Skip to main content

Thank you for visiting nature.com. You are using a browser version with limited support for CSS. To obtain the best experience, we recommend you use a more up to date browser (or turn off compatibility mode in Internet Explorer). In the meantime, to ensure continued support, we are displaying the site without styles and JavaScript.

A hierarchical approach to removal of unwanted variation for large-scale metabolomics data

Abstract

Liquid chromatography-mass spectrometry-based metabolomics studies are increasingly applied to large population cohorts, which run for several weeks or even years in data acquisition. This inevitably introduces unwanted intra- and inter-batch variations over time that can overshadow true biological signals and thus hinder potential biological discoveries. To date, normalisation approaches have struggled to mitigate the variability introduced by technical factors whilst preserving biological variance, especially for protracted acquisitions. Here, we propose a study design framework with an arrangement for embedding biological sample replicates to quantify variance within and between batches and a workflow that uses these replicates to remove unwanted variation in a hierarchical manner (hRUV). We use this design to produce a dataset of more than 1000 human plasma samples run over an extended period of time. We demonstrate significant improvement of hRUV over existing methods in preserving biological signals whilst removing unwanted variation for large scale metabolomics studies. Our tools not only provide a strategy for large scale data normalisation, but also provides guidance on the design strategy for large omics studies.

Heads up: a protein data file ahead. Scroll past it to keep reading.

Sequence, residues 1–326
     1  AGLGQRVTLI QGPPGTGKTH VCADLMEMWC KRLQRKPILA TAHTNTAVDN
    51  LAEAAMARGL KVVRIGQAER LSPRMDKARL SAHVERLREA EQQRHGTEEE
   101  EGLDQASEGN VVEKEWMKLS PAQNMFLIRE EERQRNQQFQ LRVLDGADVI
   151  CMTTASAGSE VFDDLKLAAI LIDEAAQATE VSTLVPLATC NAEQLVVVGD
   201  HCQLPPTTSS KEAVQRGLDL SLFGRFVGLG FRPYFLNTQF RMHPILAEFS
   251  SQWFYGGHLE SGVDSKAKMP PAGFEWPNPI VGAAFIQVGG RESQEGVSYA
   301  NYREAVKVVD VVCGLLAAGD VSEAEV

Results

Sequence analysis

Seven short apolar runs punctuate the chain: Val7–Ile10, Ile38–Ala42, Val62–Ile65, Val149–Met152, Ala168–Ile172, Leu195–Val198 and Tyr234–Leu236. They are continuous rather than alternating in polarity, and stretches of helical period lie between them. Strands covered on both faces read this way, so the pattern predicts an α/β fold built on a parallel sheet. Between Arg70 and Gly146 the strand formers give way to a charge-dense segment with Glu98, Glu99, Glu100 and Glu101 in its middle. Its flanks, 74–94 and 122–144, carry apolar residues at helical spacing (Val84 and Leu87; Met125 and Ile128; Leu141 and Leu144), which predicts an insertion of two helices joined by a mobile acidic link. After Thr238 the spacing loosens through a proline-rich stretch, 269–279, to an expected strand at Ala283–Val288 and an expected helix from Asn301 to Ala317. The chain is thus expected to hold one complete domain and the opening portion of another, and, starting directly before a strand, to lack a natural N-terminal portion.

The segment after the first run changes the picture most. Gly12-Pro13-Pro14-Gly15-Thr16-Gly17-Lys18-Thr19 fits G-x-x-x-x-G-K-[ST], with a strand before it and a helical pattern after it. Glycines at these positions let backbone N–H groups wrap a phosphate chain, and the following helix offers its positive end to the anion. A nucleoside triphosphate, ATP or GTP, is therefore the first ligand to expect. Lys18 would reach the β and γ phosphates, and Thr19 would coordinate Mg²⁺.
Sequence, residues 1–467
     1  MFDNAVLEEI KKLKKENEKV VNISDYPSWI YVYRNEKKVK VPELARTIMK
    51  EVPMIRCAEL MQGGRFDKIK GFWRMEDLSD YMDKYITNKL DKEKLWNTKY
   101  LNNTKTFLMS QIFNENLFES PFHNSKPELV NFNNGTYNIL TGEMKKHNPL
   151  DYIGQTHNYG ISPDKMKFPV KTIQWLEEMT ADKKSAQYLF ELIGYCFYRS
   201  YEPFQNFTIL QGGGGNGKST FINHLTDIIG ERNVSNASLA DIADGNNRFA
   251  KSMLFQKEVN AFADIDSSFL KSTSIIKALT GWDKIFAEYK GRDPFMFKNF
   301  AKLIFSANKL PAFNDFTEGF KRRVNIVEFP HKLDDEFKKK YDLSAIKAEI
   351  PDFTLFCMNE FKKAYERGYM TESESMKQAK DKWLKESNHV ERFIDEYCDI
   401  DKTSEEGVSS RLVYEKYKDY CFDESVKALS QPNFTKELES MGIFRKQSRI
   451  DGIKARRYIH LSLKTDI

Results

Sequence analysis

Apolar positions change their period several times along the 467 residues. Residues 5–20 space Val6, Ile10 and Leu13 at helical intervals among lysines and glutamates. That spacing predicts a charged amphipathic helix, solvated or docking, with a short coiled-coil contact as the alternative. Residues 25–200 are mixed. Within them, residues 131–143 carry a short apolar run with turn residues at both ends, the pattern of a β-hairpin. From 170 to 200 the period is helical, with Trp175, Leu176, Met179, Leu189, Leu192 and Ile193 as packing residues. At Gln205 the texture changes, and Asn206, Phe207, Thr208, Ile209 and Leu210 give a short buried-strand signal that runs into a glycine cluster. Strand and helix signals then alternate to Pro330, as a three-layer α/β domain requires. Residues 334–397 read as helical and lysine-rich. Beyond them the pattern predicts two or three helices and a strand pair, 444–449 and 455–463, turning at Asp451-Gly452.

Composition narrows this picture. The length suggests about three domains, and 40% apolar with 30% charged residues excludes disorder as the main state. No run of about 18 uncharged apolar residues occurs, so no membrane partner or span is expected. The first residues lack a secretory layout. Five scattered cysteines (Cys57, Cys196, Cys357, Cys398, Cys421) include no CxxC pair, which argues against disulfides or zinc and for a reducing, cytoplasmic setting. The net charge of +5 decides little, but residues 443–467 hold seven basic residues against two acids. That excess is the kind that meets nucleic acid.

Introduction

Liquid chromatography–tandem mass spectrometry (LC–MS/MS) is a preferred method of metabolomic acquisition given its high sensitivity and dynamic range. Typically, a range of metabolites can be separated on a single high performance LC column and their relative abundance quantified in MS/MS. This enables capture of fingerprints of specific biological processes that are critical in precision medicine applications such as studying complex metabolic diseases, and discovering new therapeutic targets and biomarkers1. There are a number of large-scale cohort studies that have performed metabolomic analyses, such as the Consortium of Metabolomics Studies (COMETS)2, and the Framingham Heart Study (FHS)3.

Despite a rapid increase in the number of large-scale metabolomics studies, the normalisation of metabolomics data remains a key challenge4. Due to the data acquisition time of studies with a large sample size, prolonged study recruitment and potentially multiple samples at various time points for each participant, the data acquisition process may require the samples to be divided into multiple batches, and may span anywhere from months to years4,5. Signals often drift over extended periods due to multiple factors including buffer changes, pooled quality control (QC) sample solutions, instrument cleanliness, and machine scheduled maintenance6. Common intra-batch variations include changes in LC–MS/MS performance due to instrument-dependent factors such as component failure or inconsistency, and fouling of the column, LC or MS source. Common inter-batch variations include time-dependent instrument variations such as instrument cleaning, tuning, column change, or inconsistent sample preparation factors including change in equipment and operator. These technical factors have a substantial impact on downstream analytics and need to be appropriately accounted for to maximise the opportunity to identify true biological signals.